Black and Hispanic women with low vitamin D more likely to develop breast cancer

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Black/African American or Hispanic/Latina have lower average vitamin D levels than non-Hispanic white women. Although research suggests that vitamin D may protect against breast cancer, few studies have considered the role of race/ethnicity in this link. Image for illustration purposes
Black/African American or Hispanic/Latina have lower average vitamin D levels than non-Hispanic white women. Although research suggests that vitamin D may protect against breast cancer, few studies have considered the role of race/ethnicity in this link. Image for illustration purposes

Mega Doctor News

By Wiley

Newswise — Among women who identified as Black/African American or Hispanic/Latina, those with low blood levels of vitamin D were more likely to develop breast cancer than those with adequate levels. In the study published by Wiley online in CANCER, a peer-reviewed journal of the American Cancer Society, the link between low vitamin D and breast cancer was particularly evident among Hispanic/Latina women.  

Black/African American or Hispanic/Latina have lower average vitamin D levels than non-Hispanic white women. Although research suggests that vitamin D may protect against breast cancer, few studies have considered the role of race/ethnicity in this link. 

To investigate, Katie O’Brien, PhD, of the National Institute of Environmental Health Sciences, and her colleagues collected blood samples from 415 women (290 Black/African American, 125 non-Black Hispanic/Latina) who later developed breast cancer, as well as from 1,447 women (1,010 Black/African American, 437 Hispanic/Latina) who did not develop breast cancer. 

Over an average follow-up of 9.2 years, women with sufficient vitamin D levels had a 21% lower breast cancer rate than women with vitamin D deficiency (<20 ng/mL). The link was strongest among Hispanic/Latina women, who had a 48% lower rate if they had sufficient vitamin D levels. The link was weaker among Black/African American women, who had an 11% lower rate if they had sufficient vitamin D.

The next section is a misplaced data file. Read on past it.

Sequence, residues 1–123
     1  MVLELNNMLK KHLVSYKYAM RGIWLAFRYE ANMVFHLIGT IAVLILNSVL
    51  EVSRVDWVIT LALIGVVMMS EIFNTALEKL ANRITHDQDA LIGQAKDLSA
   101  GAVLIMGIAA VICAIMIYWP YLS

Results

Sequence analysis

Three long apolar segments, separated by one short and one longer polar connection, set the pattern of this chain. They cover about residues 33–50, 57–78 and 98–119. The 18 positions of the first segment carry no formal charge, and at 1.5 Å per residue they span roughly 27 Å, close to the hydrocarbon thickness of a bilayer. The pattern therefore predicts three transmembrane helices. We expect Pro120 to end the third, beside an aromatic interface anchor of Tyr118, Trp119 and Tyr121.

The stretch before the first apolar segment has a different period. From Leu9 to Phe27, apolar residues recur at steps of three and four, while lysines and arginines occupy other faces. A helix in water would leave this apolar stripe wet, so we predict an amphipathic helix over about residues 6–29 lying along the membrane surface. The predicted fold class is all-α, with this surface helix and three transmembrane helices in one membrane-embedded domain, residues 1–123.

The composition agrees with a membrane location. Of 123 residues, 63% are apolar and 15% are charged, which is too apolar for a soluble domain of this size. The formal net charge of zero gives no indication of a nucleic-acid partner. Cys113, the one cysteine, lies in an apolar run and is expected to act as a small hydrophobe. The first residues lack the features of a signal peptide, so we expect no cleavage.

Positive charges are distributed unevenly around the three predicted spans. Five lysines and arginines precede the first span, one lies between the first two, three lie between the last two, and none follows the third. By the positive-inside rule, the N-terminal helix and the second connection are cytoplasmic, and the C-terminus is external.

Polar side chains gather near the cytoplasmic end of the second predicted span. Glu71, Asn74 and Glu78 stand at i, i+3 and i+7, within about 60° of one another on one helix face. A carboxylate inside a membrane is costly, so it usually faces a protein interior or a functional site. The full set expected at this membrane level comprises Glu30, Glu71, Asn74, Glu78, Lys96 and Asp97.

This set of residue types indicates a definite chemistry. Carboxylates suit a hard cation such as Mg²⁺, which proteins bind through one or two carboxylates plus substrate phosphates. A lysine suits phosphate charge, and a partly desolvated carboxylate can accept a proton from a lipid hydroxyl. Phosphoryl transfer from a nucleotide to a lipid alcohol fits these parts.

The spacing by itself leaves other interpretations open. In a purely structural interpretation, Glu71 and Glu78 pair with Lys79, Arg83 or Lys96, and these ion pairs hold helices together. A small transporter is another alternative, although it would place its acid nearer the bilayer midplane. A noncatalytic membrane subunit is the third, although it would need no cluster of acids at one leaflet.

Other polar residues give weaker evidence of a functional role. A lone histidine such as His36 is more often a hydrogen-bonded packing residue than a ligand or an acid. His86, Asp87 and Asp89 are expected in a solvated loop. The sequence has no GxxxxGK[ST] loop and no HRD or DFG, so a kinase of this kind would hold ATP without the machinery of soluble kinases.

“Together with prior studies on this topic, this article suggests that vitamin D may be associated with reduced risk of breast cancer, including among women who self-identify as Black, African-American, Hispanic, or Latina,” said Dr. O’Brien. “Because women who identify as members of these groups have lower vitamin D levels, on average, than non-Hispanic white women, they could potentially receive enhanced health benefits from interventions promoting vitamin D intake. However, questions remain about whether these associations are truly causal and, if so, what levels of vitamin D are most beneficial.” 

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About the Journal 
CANCER is a peer-reviewed publication of the American Cancer Society integrating scientific information from worldwide sources for all oncologic specialties. The objective of CANCER is to provide an interdisciplinary forum for the exchange of information among oncologic disciplines concerned with the etiology, course, and treatment of human cancer. CANCER is published on behalf of the American Cancer Society by Wiley and can be accessed online. 

Follow us on Twitter @JournalCancer 

About Wiley 

Wiley is a global leader in research and education, unlocking human potential by enabling discovery, powering education, and shaping workforces. For over 200 years, Wiley has fueled the world’s knowledge ecosystem. Today, our high-impact content, platforms, and services help researchers, learners, institutions, and corporations achieve their goals in an ever-changing world. Visit us at  Wiley.com, like us on Facebook and follow us on Twitter and LinkedIn. 

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